1. Sparkling kitchens with shiny appliances, glossy countertops, and newly-painted walls and cupboards
  2. Spotless bathrooms with new showerheads, clean mirrors, and re-grouted tiles
  3. Fresh blinds and curtains without any mold or grime that are updated to fit the aesthetic of the property
  4. Blemish-free walls freshly painted with a color that makes the room look bigger, brighter, and homier
  5. Brand-new fixtures everywhere—from light switches to faucets to doorknobs and fly screens
  6. Clean carpets that even look like they smell great
  7. Bright lights in every room to make the rental property feel new, and more importantly, show that you’re confident enough to put everything in the spotlight

Make sure that you use a camera that does your rental justice! None of the spectacular features you updated and cleaned will be seen if you use the front camera of your beat-up phone. If you need to hire a photographer for decent equipment, it’s worth the one-time payment to get a lifetime of great photos for your listing. 

Write an effective ad that highlights relevant details

Once you’ve updated your rentals with photogenic features, you need to post them on digital platforms. But what do you say? How do you write an effective ad that attracts your tenant pool? 

Here are the important factors to focus on:

  1. Write a great headline. Rentalutions’ formula suggests including the key information tenants look for (e.g., number of rooms or location) plus one feature that makes your rental unique.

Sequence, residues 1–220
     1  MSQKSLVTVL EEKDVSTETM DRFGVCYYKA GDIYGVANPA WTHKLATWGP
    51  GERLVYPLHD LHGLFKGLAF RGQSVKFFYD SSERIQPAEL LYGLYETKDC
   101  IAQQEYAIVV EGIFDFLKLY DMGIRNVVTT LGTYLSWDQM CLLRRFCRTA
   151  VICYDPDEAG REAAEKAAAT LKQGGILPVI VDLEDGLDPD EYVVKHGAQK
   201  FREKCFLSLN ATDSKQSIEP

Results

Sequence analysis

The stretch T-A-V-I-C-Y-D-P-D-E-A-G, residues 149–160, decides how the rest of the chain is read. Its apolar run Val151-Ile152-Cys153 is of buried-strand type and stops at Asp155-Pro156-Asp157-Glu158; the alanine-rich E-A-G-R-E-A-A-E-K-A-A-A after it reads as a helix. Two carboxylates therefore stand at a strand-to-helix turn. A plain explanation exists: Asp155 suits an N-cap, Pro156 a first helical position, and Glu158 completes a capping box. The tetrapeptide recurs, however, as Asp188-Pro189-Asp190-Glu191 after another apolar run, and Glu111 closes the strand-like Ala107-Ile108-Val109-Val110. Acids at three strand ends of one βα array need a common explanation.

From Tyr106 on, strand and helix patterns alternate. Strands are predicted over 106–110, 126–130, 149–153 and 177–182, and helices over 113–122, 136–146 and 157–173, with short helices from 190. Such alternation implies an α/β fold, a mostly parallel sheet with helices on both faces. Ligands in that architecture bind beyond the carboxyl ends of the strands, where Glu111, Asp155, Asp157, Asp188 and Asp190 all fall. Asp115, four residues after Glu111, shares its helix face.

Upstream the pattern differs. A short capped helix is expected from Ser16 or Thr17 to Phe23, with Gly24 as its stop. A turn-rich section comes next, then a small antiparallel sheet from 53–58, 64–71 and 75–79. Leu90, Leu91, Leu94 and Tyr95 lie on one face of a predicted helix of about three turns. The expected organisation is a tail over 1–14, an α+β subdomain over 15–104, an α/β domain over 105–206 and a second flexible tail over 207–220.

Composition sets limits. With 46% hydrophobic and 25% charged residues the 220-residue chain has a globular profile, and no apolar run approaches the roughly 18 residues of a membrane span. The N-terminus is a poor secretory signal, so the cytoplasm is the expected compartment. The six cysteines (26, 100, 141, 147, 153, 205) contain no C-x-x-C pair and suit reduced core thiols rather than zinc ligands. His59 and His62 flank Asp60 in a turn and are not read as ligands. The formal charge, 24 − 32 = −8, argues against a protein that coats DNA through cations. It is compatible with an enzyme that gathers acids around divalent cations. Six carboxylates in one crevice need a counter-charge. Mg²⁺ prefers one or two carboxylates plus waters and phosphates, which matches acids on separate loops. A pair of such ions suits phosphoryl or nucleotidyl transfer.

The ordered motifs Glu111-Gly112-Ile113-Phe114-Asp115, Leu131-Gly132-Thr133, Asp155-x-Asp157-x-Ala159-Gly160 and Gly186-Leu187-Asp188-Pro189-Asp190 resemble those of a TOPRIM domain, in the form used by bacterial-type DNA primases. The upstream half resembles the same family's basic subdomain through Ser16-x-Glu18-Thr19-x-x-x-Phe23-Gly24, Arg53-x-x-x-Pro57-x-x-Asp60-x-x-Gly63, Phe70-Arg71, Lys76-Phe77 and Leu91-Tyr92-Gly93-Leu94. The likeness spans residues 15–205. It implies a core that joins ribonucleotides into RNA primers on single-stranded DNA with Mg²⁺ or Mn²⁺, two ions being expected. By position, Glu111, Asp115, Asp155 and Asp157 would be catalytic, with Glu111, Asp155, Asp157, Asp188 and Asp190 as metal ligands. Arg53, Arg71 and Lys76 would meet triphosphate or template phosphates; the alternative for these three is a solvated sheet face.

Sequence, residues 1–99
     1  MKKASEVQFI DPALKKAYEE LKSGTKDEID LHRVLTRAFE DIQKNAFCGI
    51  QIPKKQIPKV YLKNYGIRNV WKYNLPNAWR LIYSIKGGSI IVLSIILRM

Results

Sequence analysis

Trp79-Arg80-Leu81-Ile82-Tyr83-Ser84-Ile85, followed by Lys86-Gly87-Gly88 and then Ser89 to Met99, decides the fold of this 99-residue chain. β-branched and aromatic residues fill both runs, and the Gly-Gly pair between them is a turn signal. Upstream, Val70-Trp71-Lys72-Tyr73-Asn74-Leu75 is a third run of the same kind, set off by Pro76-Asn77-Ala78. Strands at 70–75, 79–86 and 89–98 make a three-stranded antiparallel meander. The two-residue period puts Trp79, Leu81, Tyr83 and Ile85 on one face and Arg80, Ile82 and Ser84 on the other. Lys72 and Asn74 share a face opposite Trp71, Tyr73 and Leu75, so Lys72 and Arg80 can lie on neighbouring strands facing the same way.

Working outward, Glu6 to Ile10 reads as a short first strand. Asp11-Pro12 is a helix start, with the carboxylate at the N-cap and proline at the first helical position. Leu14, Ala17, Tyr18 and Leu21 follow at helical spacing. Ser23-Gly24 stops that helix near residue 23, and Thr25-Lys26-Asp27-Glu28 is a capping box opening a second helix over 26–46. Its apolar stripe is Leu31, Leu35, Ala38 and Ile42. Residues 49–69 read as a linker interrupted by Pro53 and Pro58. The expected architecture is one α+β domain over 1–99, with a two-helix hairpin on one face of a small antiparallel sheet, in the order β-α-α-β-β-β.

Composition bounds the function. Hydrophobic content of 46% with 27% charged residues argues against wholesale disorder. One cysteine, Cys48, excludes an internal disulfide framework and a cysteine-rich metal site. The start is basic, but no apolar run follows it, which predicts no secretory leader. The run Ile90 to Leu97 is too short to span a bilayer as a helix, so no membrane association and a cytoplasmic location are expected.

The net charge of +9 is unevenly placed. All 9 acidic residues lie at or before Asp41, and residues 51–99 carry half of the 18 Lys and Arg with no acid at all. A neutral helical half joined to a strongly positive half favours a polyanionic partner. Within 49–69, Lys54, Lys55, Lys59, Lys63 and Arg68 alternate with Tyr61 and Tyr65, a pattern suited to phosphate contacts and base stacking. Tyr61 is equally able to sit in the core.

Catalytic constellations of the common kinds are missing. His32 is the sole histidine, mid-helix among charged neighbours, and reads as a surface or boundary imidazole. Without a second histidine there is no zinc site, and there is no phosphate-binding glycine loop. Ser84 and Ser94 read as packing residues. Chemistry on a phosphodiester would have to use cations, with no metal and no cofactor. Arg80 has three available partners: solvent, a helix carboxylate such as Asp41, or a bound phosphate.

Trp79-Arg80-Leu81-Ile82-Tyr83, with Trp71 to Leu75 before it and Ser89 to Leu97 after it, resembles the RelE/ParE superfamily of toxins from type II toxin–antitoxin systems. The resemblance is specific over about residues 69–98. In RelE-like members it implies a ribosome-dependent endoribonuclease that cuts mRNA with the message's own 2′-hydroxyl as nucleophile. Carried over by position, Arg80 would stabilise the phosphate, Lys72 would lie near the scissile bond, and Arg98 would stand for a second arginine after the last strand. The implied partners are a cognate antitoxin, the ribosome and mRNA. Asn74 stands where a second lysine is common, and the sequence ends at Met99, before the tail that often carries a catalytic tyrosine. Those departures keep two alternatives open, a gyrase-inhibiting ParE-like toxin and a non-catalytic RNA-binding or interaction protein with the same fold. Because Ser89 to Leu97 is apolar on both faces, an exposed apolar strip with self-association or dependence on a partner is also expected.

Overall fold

2. Use professional word choices that add value to your listing, as long as they’re an accurate description of your property. You want to avoid generic words such as “great” and “nice”, instead, choose words like: upgraded, spacious, tasteful, landscaped, modern, luxurious, and charming.
  3. Add more information on the key features. Knowing what tenants want (as you should), make sure to highlight these features in your ad. Are you expecting to attract tenants who put importance on parking spaces, walkability, nearby supermarkets, or proximity to a great school? Your copy should indicate that.
  4. Add detailed property descriptions. Similarly, also indicate what the tenants will want from the property itself. How many rooms, floors, and bathrooms? Will they be attracted to a lush backyard or extra storage areas? Flesh out all of the important details to attract tenants.

Lastly, prove what you said with great photos! When you use great photos to compliment everything that you verbally promoted on your listing, your screen appeal will skyrocket. This is where the prospective tenants should go “Wow! They weren’t kidding!”

List your rental on industry-popular websites

Armed with your impressive photos and well-written ad content, it’s time to post your listing where it matters. Most people are baffled by how many options there are to list online, especially since there isn’t a one-stop-shop solution that posts to all the rental listing sites. 

Zillow—the favorite of most landlords—allows you to create detailed listings that they’ll syndicate out to 26 partner sites (including Trulia, Hotpads, and MSN Real Estate), but it still doesn’t cover all of the sites available.

To get started, check these sites that are known to be effective and user-friendly:

  1. Zillow
  2. Trulia
  3. Hotpads
  4. Craigslist
  5. Facebook

Apart from those, you can also consider these lesser-known platforms:

  1. Apartments.com
  2. Apartment Finder
  3. Apartment Guide
  4. Apartment Home Living
  5. Apartment List
  6. Backpage
  7. Byowner.com
  8. Cozy
  9. Doorsteps
  10. Move
  11. My New Place
  12. Nextdoor.com
  13. Oodle
  14. Realrentals.com
  15. Realtor.com
  16. Rent.com
  17. Rentals.com
  18. Rentdigs.com
  19. Rentlinx
  20. Saletraderent.com